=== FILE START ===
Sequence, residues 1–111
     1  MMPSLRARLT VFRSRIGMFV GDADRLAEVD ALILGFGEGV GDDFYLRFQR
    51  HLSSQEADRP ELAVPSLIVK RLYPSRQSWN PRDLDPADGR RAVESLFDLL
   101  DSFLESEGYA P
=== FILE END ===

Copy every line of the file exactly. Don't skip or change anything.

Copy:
Sequence, residues 1–111
     1  MMPSLRARLT VFRSRIGMFV GDADRLAEVD ALILGFGEGV GDDFYLRFQR
    51  HLSSQEADRP ELAVPSLIVK RLYPSRQSWN PRDLDPADGR RAVESLFDLL
   101  DSFLESEGYA P